The latest release is Castle and Cathedral in Modern Prague (Longing for the sacred in a skeptical age). 

CEU Press participates in the Leipzig Book Fair, March 23-26.

The Stranger, the Tears, the Photograph, the Touch (Divine presence in Spain and Europe since 1500): a selection of pictures from this forthcoming book is going to be displayed in the Hungarian House of Photography – Mai Manó House from March 23.

How They Lived, volume 2 by András Koerner: book launch at the Center for Jewish History, New York on March 14, 2017, moderated by Frank Mecklenburg , Director of Research and Chief Archivist at Leo Baeck Institute.

Book launch and panel discussion of Twenty-five Sides of a Post-Communist Mafia State with Bálint Magyar, Júlia Vásárhelyi, András Bozóki, and Balázs Trencsényi was held on March 10, 2017 at the Budapest campus of the Central European University.

2017 Spring/Summer Catalog is available for download.

Roma-Gypsy Presence in the Polish-Lithuanian Commonwealth, 15th-18th Centuries by Lech Mróz received honorable mention for the Kulczycki Book Prize in Polish Studies.

On Holocaust Memorial Day CEU Press offered a selection of texts and photos from recent publications of the press.

Top five CEU Press titles by number of copies sold in 2016:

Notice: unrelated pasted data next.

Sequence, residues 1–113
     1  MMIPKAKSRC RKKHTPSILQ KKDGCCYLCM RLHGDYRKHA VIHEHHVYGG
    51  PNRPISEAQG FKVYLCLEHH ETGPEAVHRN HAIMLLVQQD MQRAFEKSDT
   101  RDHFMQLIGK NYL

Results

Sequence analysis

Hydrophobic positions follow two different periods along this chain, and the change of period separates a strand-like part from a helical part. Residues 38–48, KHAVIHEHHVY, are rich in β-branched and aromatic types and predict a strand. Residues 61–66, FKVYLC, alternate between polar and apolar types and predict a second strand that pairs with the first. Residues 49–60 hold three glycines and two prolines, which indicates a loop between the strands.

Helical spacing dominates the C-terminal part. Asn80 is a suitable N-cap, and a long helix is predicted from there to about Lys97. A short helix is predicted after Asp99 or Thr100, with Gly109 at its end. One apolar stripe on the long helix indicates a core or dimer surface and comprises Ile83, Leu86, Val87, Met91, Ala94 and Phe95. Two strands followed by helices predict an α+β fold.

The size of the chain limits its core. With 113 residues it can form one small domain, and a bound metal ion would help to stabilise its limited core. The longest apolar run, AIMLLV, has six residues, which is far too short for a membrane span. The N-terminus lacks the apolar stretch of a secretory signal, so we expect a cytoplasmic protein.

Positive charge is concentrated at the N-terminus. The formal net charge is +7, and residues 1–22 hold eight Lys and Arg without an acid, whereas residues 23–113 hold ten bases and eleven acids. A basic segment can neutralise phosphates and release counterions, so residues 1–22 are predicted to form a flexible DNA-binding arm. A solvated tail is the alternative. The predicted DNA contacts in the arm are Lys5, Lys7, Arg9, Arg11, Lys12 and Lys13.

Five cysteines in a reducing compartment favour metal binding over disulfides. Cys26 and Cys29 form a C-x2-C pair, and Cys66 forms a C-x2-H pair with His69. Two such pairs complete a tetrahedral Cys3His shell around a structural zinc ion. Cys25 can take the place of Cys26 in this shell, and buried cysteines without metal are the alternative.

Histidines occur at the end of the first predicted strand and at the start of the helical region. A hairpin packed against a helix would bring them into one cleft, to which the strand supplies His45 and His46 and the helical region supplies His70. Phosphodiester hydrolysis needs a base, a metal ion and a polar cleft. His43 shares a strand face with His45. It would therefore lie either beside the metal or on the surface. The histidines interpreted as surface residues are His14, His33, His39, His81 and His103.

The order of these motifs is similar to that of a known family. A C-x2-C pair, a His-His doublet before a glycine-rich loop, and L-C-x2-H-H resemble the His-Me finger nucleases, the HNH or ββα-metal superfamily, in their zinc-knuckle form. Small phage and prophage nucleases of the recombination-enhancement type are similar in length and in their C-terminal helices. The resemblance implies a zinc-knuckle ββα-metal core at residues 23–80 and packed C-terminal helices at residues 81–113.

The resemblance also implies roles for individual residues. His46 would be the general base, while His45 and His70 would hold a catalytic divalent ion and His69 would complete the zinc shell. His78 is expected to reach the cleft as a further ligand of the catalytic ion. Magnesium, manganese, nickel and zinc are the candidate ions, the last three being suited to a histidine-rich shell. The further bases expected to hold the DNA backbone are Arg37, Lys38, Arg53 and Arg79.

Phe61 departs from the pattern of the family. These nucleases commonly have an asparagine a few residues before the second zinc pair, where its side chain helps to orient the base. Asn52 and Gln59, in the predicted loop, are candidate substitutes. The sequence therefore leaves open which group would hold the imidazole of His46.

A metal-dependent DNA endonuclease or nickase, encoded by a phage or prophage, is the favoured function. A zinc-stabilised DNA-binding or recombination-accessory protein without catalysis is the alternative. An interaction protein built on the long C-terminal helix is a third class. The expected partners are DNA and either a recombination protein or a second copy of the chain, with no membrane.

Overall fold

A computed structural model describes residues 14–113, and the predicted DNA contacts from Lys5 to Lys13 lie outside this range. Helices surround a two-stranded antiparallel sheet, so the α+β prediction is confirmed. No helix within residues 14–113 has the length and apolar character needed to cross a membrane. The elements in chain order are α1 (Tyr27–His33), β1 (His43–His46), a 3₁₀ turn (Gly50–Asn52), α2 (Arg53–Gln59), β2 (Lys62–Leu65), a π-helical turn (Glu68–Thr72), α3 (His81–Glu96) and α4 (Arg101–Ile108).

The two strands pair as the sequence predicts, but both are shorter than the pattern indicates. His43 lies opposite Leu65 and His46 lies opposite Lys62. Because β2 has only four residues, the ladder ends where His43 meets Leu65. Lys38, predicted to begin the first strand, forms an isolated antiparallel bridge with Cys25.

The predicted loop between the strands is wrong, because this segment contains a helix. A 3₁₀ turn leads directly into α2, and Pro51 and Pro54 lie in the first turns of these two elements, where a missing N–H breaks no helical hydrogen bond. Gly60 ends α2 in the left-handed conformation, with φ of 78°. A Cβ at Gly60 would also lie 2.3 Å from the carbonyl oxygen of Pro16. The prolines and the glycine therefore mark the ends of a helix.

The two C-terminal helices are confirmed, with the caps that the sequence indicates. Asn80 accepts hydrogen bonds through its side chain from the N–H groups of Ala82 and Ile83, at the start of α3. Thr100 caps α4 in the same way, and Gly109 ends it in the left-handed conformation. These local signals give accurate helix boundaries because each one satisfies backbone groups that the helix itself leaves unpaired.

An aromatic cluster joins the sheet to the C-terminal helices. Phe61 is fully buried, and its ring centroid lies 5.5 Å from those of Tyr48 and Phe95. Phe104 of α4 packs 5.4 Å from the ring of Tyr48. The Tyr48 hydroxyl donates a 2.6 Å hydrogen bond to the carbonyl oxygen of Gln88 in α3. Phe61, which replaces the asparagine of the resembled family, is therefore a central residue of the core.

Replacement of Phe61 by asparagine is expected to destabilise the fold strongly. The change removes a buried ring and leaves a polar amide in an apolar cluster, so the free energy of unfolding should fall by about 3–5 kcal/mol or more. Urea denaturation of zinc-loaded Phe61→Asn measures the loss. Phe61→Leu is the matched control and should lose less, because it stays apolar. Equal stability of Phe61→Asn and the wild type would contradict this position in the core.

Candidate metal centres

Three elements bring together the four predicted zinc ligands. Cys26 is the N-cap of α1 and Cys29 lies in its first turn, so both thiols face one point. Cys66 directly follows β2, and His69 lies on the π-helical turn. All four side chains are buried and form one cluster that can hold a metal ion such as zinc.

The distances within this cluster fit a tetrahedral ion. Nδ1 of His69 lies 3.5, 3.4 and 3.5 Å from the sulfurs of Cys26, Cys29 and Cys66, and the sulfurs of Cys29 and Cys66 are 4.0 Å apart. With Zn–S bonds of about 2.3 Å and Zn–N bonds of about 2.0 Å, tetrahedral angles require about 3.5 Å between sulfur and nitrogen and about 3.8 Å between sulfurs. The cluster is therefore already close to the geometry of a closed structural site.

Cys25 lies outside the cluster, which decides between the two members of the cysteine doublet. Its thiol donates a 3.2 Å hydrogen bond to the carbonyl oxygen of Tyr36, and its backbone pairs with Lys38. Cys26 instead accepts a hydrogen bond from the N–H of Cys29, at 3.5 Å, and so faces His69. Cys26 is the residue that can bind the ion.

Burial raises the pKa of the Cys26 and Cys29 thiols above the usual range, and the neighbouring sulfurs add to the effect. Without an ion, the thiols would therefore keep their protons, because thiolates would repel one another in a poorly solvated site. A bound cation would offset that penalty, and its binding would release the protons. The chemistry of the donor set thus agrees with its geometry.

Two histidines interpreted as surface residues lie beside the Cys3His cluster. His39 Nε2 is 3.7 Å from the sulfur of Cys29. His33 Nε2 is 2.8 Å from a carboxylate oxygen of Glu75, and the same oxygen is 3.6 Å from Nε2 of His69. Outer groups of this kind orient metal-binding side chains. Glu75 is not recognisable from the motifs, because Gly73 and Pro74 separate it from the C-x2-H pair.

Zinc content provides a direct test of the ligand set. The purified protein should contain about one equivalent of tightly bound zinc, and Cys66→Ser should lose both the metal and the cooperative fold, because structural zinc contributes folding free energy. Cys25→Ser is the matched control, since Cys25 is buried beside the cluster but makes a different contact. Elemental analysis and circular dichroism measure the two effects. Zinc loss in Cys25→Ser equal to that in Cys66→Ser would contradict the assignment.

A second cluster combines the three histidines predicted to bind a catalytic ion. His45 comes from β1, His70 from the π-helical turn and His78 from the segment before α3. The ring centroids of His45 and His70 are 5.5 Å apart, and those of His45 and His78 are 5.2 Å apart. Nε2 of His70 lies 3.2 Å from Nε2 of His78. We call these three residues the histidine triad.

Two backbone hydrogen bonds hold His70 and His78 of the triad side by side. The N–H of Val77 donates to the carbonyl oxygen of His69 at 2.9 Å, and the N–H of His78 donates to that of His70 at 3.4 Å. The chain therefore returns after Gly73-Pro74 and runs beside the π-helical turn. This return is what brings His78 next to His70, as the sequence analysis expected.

With Their Backs to the Mountains
How They Lived
Post-Communist Mafia State
Arguing it Out
Hybrid Renaissance

Top five by sales revenue in 2016:
With Their Backs to the Mountains
How They Lived
Art Beyond Borders
Nationalizing Empires
Holocaust in Hungary





Search the full text of our books:


 

THIRD EUROPE

Polish Federalist Thought in the United States – 1940–1970s

Sławomir Łukasiewicz

 

Sławomir Łukasiewicz is a historian and Europeanist; Director of the Institute of European Studies, John Paul II Catholic University of Lublin.

The genesis of the federalist thought that the book discusses is the project beginning in the fall of 1939 about the idea of combining Poland’s and Czechoslovakia’s war efforts. It soon developed into federalist concepts, leading, in turn, to particular political gestures: the Polish-Czechoslovak Declaration of November 11, 1940; a joint project of a constitution of a future Polish-Czechoslovak Federation; and, finally, the Declaration from January 1942.

Poles and their Central European colleagues in exile cooperated with the American Committee for European Reconstruction during the war and later with the National Committee for a Free Europe. The goal of the political federalist thought was to offer the best solution to the situation in which Poland found itself after World War II. A populous and militarily strong Central European federation would be able to fight off the aggression of powerful neighbors, which at that time were Germany and the Soviet Union. Federalism lost momentum with the gradual withdrawal of United States support in the second half of the 1950s.

496 pages, 2016

ISBN 978-1-943596-05-08 cloth $50.00 / €44.00 / £34.00

Published by Helena History Press, Saint Helena, CA, U.S.A.
distributed by CEU Press

top